Chinese companies supplied arms to Sudan, expert says

Politics head says divestment campaign is ‘utterly symbolic’

Daniel Millensen, national advocacy director of the Sudan Divestment Task Force, said divestment is important because 70 per cent of Sudan’s oil revenues go to military expenditures.

“[The divestment campaign will] get other universities to divest in Canada, and other places and the aggregate effect is much larger,” he said. “More importantly, it spurs the federal Canadian government to take more action in Sudan.”

In the U.S., more than 30 universities have divested, as well as seven states, Millensen said.

“There’s a huge connection between that and Sudan funding its genocide,” he said. “Divestment is a way of pressuring companies to behave better or basically face share price depreciation.”

Millensen said the Sudanese government has taken notice of the movement. In addition to taking a $1-million advertisement in the New York Times to advertise investment in Sudan, the Sudanese government has also written opinion pieces condemning the divestment movement.

Millensen said divestment should be a last resort, adding that the taskforce also advocates using shareholder power to change the company’s practices.

“Sinopec and Petrochina have been totally unresponsive to these types of things. Divestments are the only option.”

Arthur Peterson is the lead research analyst in companies involved in Sudan for KLD Research and Analytics, an investment research company.

“The thing to understand about the Chinese oil involvement in Sudan is that it’s all done through the parent company [China National Petroleum Corporation, or CNPC] which is state-owned,” he said. “It’s 100 per cent owned by the CNPC … so CNPC can remain private and publicly traded.”

PetroChina is technically separate from CNPC, allowing companies to invest in CNPC through PetroChina. CNPC is classified as a high offender because of its extensive oil involvement in Sudan and its involvement with the Sudanese government. “There’s evidence that they’ve supplied the government with weapons,” Peterson said. “Because CNPC is state-owned, it creates an alliance with Sudan. A lot of experts say that is why China is blocking [the] UN Security Council’s vote.” China Petroleum and Chemical Corporation is one of the other Chinese oil companies problematically involved in Sudan. Like CNPC, China Petroleum is owned by the private Sinopec group, allowing for companies to invest in Sinopec through China Petroleum. Eric Fernald, director of research at KLD, said investment policies depend on the university, and guidelines can require that all investments pass basic fundamental human rights and environmental screens.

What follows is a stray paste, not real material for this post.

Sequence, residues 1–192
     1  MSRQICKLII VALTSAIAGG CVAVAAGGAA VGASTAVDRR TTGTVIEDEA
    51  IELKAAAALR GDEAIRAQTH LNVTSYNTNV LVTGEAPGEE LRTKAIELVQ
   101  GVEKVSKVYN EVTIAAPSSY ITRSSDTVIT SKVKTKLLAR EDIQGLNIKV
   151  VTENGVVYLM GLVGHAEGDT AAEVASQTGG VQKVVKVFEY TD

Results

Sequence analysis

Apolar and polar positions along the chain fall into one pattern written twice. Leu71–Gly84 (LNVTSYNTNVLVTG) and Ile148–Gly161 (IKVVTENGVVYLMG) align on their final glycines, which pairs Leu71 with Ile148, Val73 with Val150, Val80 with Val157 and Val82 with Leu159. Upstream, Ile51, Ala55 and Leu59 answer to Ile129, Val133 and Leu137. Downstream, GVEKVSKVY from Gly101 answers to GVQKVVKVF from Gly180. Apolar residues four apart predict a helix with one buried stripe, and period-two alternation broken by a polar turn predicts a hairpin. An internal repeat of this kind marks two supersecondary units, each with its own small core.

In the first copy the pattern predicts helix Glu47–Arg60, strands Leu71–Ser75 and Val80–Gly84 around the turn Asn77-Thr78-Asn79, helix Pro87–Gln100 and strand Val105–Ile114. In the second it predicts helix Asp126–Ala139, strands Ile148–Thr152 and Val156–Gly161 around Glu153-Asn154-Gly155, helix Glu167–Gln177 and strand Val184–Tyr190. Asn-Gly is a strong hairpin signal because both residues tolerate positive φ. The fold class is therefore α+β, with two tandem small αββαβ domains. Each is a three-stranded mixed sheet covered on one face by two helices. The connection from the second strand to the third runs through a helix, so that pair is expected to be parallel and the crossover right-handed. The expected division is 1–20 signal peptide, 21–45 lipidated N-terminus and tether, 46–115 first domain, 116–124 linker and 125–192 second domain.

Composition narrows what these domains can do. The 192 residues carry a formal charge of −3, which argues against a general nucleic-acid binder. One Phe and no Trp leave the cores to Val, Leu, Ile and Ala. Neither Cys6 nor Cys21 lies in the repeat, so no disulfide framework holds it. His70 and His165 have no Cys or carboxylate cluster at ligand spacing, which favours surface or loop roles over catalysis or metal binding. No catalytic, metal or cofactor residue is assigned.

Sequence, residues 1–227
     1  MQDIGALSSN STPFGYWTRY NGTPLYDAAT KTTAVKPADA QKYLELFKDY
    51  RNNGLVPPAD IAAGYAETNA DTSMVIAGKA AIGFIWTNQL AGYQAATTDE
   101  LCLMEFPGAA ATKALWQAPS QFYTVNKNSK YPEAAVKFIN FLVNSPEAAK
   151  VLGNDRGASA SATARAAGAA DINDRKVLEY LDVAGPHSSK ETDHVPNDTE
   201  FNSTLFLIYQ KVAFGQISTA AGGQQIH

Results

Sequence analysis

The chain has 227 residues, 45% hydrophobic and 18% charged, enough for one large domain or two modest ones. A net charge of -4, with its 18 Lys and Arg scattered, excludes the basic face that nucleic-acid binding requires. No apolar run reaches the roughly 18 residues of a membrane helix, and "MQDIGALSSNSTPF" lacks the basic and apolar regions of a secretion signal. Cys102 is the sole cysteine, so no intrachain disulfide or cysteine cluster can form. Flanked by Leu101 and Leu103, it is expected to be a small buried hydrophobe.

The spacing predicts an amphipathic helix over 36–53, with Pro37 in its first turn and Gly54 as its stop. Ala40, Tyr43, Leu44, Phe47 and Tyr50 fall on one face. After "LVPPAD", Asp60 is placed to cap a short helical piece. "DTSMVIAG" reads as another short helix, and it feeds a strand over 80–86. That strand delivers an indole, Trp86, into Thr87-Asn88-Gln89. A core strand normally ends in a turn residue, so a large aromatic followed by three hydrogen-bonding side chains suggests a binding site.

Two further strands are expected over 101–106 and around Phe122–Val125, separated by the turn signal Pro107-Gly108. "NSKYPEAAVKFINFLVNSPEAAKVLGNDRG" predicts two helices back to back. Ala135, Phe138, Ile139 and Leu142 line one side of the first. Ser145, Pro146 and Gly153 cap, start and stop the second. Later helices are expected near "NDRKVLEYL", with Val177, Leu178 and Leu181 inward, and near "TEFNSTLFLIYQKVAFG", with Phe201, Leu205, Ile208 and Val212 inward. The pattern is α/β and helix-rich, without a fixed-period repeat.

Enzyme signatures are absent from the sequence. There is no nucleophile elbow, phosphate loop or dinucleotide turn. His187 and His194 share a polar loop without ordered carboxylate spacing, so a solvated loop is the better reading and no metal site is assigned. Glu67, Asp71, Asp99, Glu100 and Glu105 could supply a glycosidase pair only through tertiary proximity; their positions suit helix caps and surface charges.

“The norm, unfortunately, is not to have these investment policies. The norm is that your fiduciary responsibility as a trustee is to have prudent financial returns of your endowment.”

Fernald said the concern is whether a company can have social, environmental and financial criteria that can guide the investment without impacting the performance of the endowment.

“You want to have a reasonable investment strategy. The question is, can you have social and environmental and financial criteria that can guide the investment without impacting the performance of the endowment?” Kim Nossal, head of political studies at Queen’s, said divestment will have no impact on the situation in Darfur. “Divestment is an excellent symbolic measure [through which] people can express their concerns about a situation,” he said.

“The impact will be zero.” Nossal said what’s happening in Darfur is beyond the capacity of anyone in the marketplace to have a concrete impact on the Sudanese government’s policies, which he said are responsible for the actions of the Janjaweed in Darfur.

“We can divest until … we have no financial or economic connection with Sudan but there are some realities that one needs to look at,” he said. “The People’s Republic of China … is deeply committed to Sudan. They will use their veto on the UN Security Council to stop any effort to coerce the government in Khartoum.”

Nossal said the surest way to ensure that Darfurians will be safe is to declare war on Sudan and send troops to stop the genocide. “But the reality is that no one is interested in doing that … absolutely no one. That’s why a divestment campaign is utterly symbolic.”

Nossal said he’s not saying the University shouldn’t divest, but that one has to understand what the real impact is. “The government of Sudan understands that they don’t have to seriously worry about
anything. No one’s going to take any serious action against them.

“Until we’re ready to say we’re ready to put Canadian lives and Canadian treasure for the task of stopping the Janjaweed in Darfur, then essentially we need to be a little more circumspect.”

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